}

  [_rpcTasks removeAllObjects];
  [_downloadUrlTasks removeAllObjects];
}

Robert S.138
Helpful | Level 7

Thank you, Stephen, for all that work.  I will study this and incorporate as much of this into my design as I can understand.  There are a few simplifications I will make, though.  In my application the download only takes place when a certain view controller is active and the user is involved, if only as an observer.  Instead of a 5-second time-out on operations, there will be a "Cancel" button in the UI that the user can use to terminate anything that seems to be taking too long.  Also, I found that I don't really need a separate NSResponseQueue.  The main UI queue serves me just fine, and it makes it possible for me to access UI elements directly from within a response block.

I am a little curious why you found it necessary to put locks around accesses to boolean flags that are only set by one thread.  I think you need to have both threads modifying the variable to need a lock.

Stephen C.14
Dropbox Staff

No worries! Hopefully it will be of some help. I would just make sure that you weigh whether it's important to track the response `DBTask` objects that you receive back, so that if you're downloading a lot of files from a folder, you have a way of canceling them all at once (if you feel like that's important).

As far as the lock around the boolean, I did that to make sure that the following were one atomic transaction: 1. check if should continue 2. create a download request 3. store the download task object for later use (to cancel). Otherwise, if the cancel function was called, a request might be made but not stored in the task data structure, and therefore would not be cancelled when iterated through. Does that make sense? Probably could have used an `NSOperationQueue` rather than a lock.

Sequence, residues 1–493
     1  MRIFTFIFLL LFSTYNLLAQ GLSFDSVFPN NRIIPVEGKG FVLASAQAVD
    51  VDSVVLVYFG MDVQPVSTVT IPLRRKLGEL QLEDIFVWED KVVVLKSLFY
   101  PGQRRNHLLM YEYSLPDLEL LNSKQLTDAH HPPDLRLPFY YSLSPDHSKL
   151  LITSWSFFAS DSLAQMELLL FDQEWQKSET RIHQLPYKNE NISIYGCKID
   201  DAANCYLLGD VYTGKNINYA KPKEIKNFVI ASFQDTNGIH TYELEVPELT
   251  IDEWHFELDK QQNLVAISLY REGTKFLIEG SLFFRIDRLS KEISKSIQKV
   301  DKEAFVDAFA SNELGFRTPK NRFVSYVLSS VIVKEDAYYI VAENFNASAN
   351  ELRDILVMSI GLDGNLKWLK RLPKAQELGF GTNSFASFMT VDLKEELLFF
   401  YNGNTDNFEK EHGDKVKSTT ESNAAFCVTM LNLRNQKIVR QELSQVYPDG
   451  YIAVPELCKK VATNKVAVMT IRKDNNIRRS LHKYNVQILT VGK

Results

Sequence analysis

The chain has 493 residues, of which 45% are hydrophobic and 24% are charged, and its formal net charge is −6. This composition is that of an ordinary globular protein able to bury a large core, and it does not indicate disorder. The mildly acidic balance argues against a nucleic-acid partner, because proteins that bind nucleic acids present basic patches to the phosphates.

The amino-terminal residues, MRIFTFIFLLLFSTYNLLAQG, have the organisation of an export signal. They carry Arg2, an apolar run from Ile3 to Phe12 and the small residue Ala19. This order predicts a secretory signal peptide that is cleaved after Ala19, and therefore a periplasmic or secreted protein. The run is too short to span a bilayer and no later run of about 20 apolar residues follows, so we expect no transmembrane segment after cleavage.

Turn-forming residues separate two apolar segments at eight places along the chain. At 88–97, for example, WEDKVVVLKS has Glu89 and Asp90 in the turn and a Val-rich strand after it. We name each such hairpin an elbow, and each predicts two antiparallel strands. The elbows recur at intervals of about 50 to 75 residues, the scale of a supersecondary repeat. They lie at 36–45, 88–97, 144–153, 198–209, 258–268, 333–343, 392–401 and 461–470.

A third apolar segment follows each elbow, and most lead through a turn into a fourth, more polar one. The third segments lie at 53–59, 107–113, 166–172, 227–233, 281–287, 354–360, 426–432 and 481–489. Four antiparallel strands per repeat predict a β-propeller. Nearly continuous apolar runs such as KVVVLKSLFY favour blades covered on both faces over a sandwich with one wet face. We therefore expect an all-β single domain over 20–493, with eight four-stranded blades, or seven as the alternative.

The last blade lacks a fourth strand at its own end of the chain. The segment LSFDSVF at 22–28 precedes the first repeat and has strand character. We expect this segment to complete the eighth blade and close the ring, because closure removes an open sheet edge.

Let me know if you run into any issues down the road. And please, if you have any additional feedback for the SDK, do let me know!

Robert S.138
Helpful | Level 7

Stephen,

Having worked a little more with the SDK and gotten more familiar with it, I don't think it needs to be changed.  Having API that block carries its own problems of interruptibility, etc.  It is only a couple of lines of code to add a custom wait for completion.

As far as the locked flags, I see why your implementation needs them. But mine is simpler.  I only have one single task that performs all the downloads sequentially.  I realize this probably means lower performance, but I think it is worth it for the simplicity.  Each download can potentially create an error requiring user response to "Skip or Abort".  The most logical thing for the user to expect if he Aborts is that none of the files after that file have been transferred.  But if there are simultaneous downloads, there may be several successful downloads that occur after the one that had an error, and by the time the user decides to Abort, those downloads have already completed.  So with only one task that is manually started, there is no question about which tasks need to be cancelled.

Stephen C.14
Dropbox Staff

@Robert S.: That makes sense! There certainly is a balance to be struck between simplicity of the code and performance. Good luck with your implementation, and please reach out if you run into anything else or have any more general feedback about the SDK.